On February 23rd Pascoal Gota, PhD Candidate in Archaeology and Ancient History and Anselmo Matusse, PhD Candidate in Social Anthropology presented their research on sacred forests as reserves of biocultural heritage and producing and archiving knowledge of the other and nature.
Pascoal talked about Sacred forests and described his talk as follows: Forests are one of the fundamental elements for biodiversity conservation and play a profound role as a source and resource for several organisms in equilibrium with ecological systems, but current conservational paradigms are still framed in human-nature dichotomy and need to genuinely engage local people as custodians of the environment. A category of forests prominent in disrupting conservation dichotomies are sacred forests. However, there is a need for scholars to understand the underlying aspects of sacred forests in order to develop more coherent strategies that respond to conservation objectives and the needs of communities. In this sense, biocultural heritage seems as an approach promising to meet both the needs of communities and conservation objectives. This talk will present ongoing research about undocumented sacred forests in Inhambane, Mozambique. The research focuses on understanding sacred forests as reserves of biocultural heritage for the conservation of coastal forest mosaic in Inhambane Province.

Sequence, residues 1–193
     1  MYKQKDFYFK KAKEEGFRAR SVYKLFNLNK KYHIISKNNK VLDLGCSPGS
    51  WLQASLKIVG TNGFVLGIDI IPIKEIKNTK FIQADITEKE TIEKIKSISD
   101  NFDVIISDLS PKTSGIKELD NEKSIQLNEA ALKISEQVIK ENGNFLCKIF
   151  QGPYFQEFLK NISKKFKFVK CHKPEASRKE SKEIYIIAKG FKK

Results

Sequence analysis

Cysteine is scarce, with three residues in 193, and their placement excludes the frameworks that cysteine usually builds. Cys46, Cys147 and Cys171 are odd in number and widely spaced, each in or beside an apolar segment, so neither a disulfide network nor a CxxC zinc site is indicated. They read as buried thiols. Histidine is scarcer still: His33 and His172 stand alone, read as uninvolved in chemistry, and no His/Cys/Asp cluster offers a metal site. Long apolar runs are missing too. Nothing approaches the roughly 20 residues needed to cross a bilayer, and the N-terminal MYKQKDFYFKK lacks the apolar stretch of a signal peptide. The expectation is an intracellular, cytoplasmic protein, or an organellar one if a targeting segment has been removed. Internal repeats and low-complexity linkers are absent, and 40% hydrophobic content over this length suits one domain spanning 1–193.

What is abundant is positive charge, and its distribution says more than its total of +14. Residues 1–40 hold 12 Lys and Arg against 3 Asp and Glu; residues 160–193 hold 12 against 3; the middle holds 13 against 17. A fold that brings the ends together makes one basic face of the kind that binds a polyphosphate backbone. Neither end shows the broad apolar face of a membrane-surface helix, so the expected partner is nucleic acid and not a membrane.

Anselmo spoke about producing and archiving knowledge and described his talk as follows: After the Royal Botanic Gardens Kew scientists found out Mount Mabu using Google Earth, they started a series of scientific explorations that have resulted in a scientific production of knowledge of the mountain. In that scientific production, Mount Mabo emerged as a “Lost Eden” or “pristine biodiversity”, that needed formal protection, and consequently the placing of the mountain “in the conservation map”. Local chiefs, on the other hand, view Mount Mabo as a first-born brother, to a second-born sister, the River Muriba, and the last-born brother, Mount Muriba. In the local residents’ ontology, Mount Mabo emerged as a relational subject, and that ontology did not fit into the scientists’ stories and maps. Maps are designed to fit a story, but the creation of this story also makes it harder for other stories to be heard. This talk presents ongoing research into the stories that could be lost or unheard due to the dominant narrative of Mount Mabo-as-wilderness.